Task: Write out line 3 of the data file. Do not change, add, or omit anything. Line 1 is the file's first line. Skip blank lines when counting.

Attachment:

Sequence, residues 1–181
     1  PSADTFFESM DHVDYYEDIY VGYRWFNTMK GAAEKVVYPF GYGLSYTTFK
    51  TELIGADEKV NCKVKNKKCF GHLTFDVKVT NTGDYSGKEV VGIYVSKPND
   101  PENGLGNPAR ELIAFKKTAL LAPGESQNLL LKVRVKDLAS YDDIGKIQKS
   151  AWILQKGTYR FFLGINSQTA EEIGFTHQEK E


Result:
    51  TELIGADEKV NCKVKNKKCF GHLTFDVKVT NTGDYSGKEV VGIYVSKPND